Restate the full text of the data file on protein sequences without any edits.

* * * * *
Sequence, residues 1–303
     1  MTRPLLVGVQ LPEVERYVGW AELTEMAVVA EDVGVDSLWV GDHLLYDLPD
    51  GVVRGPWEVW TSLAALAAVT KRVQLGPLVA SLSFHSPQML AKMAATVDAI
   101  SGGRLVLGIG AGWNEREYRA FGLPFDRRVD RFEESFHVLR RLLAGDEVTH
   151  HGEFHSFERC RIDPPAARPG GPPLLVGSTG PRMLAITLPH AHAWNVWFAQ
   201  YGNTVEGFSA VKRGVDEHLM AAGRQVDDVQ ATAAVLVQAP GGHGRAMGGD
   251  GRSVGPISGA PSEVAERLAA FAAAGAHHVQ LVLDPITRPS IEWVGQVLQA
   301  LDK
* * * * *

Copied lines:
Sequence, residues 1–303
     1  MTRPLLVGVQ LPEVERYVGW AELTEMAVVA EDVGVDSLWV GDHLLYDLPD
    51  GVVRGPWEVW TSLAALAAVT KRVQLGPLVA SLSFHSPQML AKMAATVDAI
   101  SGGRLVLGIG AGWNEREYRA FGLPFDRRVD RFEESFHVLR RLLAGDEVTH
   151  HGEFHSFERC RIDPPAARPG GPPLLVGSTG PRMLAITLPH AHAWNVWFAQ
   201  YGNTVEGFSA VKRGVDEHLM AAGRQVDDVQ ATAAVLVQAP GGHGRAMGGD
   251  GRSVGPISGA PSEVAERLAA FAAAGAHHVQ LVLDPITRPS IEWVGQVLQA
   301  LDK